• The switching rod is preferably supported on the base member for rotation about a switching rod rotation axis which coincides with the longitudinal axis of the switching rod. The switching rod rotation axis is advantageously provided with restoring means, which are active counter to redirection about the switching rod rotation axis from a rest position. A particularly compact construction of the manual control device is achieved by the restoring means, which are associated with the rotation axis, and the resilient elements, which are associated with one of the actuation member pivot axes, at least partially overlapping with each other along the longitudinal axis of the switching rod.
  • BRIEF DESCRIPTION OF THE DRAWINGS
  • An embodiment of the invention is explained below with reference to schematic drawings illustrated in the Figures, in which:
  • FIG. 1 is a sectioned illustration of a manual control device along a plane of section which extends parallel with the longitudinal axis of the switching rod,
  • FIG. 2 is a second sectioned illustration of the manual control device along a plane of section which is rotated through 90° with respect to the plane of section according to FIG. 1,
  • FIG. 3 is an exploded view of the manual control device, and
  • FIG. 4 is an exploded view of the manual control device from a different perspective to that in FIG. 3.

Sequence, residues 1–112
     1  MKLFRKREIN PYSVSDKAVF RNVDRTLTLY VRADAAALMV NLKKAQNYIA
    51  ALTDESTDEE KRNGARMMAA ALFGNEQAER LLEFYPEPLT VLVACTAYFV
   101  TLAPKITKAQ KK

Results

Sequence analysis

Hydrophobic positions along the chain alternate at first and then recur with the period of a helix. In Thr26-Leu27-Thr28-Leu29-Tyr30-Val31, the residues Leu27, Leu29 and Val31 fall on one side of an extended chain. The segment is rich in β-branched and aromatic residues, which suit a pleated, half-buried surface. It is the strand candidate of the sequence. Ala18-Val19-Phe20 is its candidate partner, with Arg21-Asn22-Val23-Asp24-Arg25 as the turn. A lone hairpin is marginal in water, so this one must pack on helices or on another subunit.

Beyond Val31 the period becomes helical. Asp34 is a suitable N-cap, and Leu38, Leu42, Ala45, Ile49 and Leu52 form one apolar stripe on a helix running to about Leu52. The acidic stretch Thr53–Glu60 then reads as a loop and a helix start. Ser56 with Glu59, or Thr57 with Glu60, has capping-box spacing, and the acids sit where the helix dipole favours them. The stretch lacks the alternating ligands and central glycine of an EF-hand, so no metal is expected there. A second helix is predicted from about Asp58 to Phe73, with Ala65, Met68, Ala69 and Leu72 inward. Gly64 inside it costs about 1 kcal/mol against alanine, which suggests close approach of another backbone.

• DETAILED DESCRIPTION
  • FIG. 1 is a sectioned illustration of a manual control device 1. The manual control device 1, also referred to as a composite drive, serves to control, for example, handling installations, cranes, vehicles, aircraft, etcetera. The manual control device 1 is provided with an actuation member 2 which is constructed as an actuation cap. The actuation member 2 is placed on a fixing plate 3 and secured at that location by means of a screw which is not illustrated. The fixing plate 3 is itself securely connected to an actuation member articulation piece 5 by means of screws 4. The actuation member articulation piece 5 is surrounded by a bearing ring 6, which itself is arranged in an actuation member receiving sleeve 7.
  • The actuation member receiving sleeve 7 is fitted at one end of a switching rod 10 in a rotationally secure and axially non-displaceable manner. A grub screw 8 (FIG. 2) serves to secure the actuation member receiving sleeve 7 to the switching rod 10. A centering sleeve 11 (not illustrated in FIG. 2) surrounds a lower, thinner portion of the actuation member receiving sleeve 7. The actuation member receiving sleeve 7 is followed along the longitudinal axis 12 of the switching rod 10 by a switching rod sliding piece 13, which partially surrounds the switching rod 10.
  • Furthermore, the manual control device 1 has a base member 14 and a switching rod bearing device 15 which is accommodated in the base member 14. The base member 14 is provided at the upper side thereof and at the side facing the actuation member 2 with an attachment flange 16. The switching rod bearing device 15 has a switching rod curved pivot member 17, an annular switching rod articulation piece 18 and a switching rod articulation sleeve 19.